Marty v. State Tax Commission of Missouri

Annotate this Case

336 S.W.2d 696 (1960)

Elizabeth N. MARTY, Susan Marty Dexter, Mary Marty Eberhardt, Elizabeth Marty Tait, and Samuel C. Marty, Jr., Appellants, v. STATE TAX COMMISSION OF MISSOURI, James M. Robertson, John A. Williams, and J. Ralph Hutchison, being members of and constituting the State Tax Commission of Missouri; and Milton F. Carpenter, Director of Revenue of the State of Missouri, Respondents.

No. 48106.

Supreme Court of Missouri, Division No. 1.

June 13, 1960.

Rehearing Denied July 11, 1960.

*697 Richard S. Righter, Henry W. Fox, William H. Leedy, Kansas City, for appellants.

John M. Dayton, Atty. Gen., Donal D. Guffey, Asst. Atty. Gen., for respondent.

HOLMAN, Commissioner.

On February 28, 1955, plaintiffs sold the Rialto Building which is located on the southwest corner of Ninth Street and Grand Avenue in Kansas City, Missouri. They had owned the building for several years prior to the time it was sold. In their Missouri State Income Tax Partnership Return for the year 1955 plaintiffs classified said building as a "Capital Asset" which had been held for more than six months and hence they took into account only fifty per cent of their gain from the sale of said building in computing their net income for that year. In June 1958 defendant Milton F. Carpenter, Director of Revenue of the State of Missouri, made additional income tax assessments against plaintiffs for the year 1955 (totaling $11,886.69) based upon the proposition that the gain resulting from the aforesaid sale should have been returned as an ordinary gain and taxed at one hundred per cent. Thereafter, plaintiffs duly appealed said additional assessments to the State Tax Commission of Missouri and said Commission entered its decision to the effect that the sale in question "was a sale of property used in petitioners' trade or business and the gain therefrom was ordinary gain taxable at one hundred per cent." In due time plaintiffs filed a petition in the circuit court seeking a judicial review of the decision of the State Tax Commission. The reviewing court thereafter affirmed the decision of the Commission and plaintiffs have appealed to this court.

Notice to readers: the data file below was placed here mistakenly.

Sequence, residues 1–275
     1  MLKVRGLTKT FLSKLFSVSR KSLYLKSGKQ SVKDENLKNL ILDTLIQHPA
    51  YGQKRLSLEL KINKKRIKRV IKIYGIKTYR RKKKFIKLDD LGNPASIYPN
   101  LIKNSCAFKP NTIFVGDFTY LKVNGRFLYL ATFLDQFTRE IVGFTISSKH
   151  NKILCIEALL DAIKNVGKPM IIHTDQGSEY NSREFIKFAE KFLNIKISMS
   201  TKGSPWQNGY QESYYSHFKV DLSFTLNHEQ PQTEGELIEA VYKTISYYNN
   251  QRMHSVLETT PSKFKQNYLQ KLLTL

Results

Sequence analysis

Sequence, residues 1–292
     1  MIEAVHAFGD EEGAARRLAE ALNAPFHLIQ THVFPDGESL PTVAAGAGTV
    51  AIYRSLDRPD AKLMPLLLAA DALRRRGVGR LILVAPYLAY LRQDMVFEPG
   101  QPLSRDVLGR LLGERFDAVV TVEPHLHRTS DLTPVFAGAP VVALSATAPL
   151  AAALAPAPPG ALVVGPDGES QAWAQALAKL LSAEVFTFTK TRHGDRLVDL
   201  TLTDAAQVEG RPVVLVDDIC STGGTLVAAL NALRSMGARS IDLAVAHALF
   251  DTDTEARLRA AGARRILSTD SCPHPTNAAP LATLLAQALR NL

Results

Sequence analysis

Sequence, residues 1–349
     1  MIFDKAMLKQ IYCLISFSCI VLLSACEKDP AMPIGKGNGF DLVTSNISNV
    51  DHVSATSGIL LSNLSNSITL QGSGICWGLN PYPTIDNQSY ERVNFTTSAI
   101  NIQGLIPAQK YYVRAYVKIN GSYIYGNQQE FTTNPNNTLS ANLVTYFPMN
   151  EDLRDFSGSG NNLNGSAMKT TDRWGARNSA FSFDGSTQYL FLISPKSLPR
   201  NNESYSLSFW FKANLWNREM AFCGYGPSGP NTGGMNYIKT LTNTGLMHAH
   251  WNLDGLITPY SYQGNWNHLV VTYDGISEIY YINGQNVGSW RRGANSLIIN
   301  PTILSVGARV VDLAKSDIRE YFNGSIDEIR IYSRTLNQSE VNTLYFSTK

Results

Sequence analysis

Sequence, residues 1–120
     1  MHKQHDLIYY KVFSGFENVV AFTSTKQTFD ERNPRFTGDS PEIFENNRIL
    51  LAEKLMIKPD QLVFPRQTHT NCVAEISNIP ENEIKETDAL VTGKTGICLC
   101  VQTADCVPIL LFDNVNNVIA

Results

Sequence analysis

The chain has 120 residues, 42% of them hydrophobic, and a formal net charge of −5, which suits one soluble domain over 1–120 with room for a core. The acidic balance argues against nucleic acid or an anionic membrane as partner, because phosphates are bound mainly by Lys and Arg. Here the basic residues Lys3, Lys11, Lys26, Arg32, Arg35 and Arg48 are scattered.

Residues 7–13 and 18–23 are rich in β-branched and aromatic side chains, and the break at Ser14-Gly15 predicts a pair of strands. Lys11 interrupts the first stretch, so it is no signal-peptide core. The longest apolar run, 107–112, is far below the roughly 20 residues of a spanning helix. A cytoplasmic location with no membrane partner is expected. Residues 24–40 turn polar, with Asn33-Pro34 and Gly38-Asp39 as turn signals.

We have appellate jurisdiction because the case involves "the construction of the revenue laws of this state." Article V, Section 3, Constitution of Missouri 1945, V.A.M.S.

Prior to 1947 there was no distinction between long-term and short-term capital gains under the laws of this state. See Section 11345 RSMo 1939. One hundred per cent of any gain was taken into account in computing net income. In 1947 said section was repealed and, as re-enacted, contained the following provision: "* * * In any case where real or personal property has been held for more than six months only fifty per cent of the gain or loss resulting from sale or exchange shall be taken into account in computing net income * * *." Section 143.100, subd. 1 RSMo 1949, V.A.M.S. Under that amendment it would appear that any real or personal property held for more than six months would qualify as a long-term capital gain.

In 1953 said section 143.100 was again repealed and re-enacted. The re-enacted section (which was the section in effect during 1955 when plaintiffs sold their building) contained extensive changes. Applicable portions thereof are as follows: "In any case of sale of capital assets, consisting of real or personal property which has been held for less than six months one hundred per cent of the gain or loss shall be taken into consideration in computing net income; where real or personal property has been held for more than six months only fifty per cent of the gain or loss resulting from sale or exchange shall be taken into account in computing net income * * *. The term `Capital Assets', as used in this subsection, means property held by the taxpayers (whether or not connected with his trade or business), but does not include (1) Stock in trade of the taxpayer or other property of a kind which would properly be included in the inventory *698 of the taxpayer if on hand at the close of the taxable year, or property held by the taxpayer primarily for sale to customers in the ordinary course of his trade or business; (2) Property used in his trade or business, of a character which is subject to the regular allowance for depreciation, or real property used in his trade or business; (3) A copyright; a literary, musical, or artistic composition or similar property; held by a taxpayer in whose hands the basis of such property is determined, for the purpose of determining gain from a sale or exchange, in whole or in part by reference to the basis of such property in the hands of the person whose personal efforts created such property; (4) Gain or loss on the sale of property as defined in the foregoing descriptions, subdivisions (1) to (4), shall be classified as ordinary gain or loss transactions taxable one hundred per cent." (Emphasis added.) Section 143.100, Laws 1953, p. 745. As we have indicated, the instant additional assessments were based upon a finding (under the quoted provisions of said 1953 enactment) that the Rialto Building was not a "capital asset" because it was "real property used in his [plaintiffs'] trade or business" and hence the gain resulting from its sale should "be classified as ordinary gain * * * taxable one hundred per cent."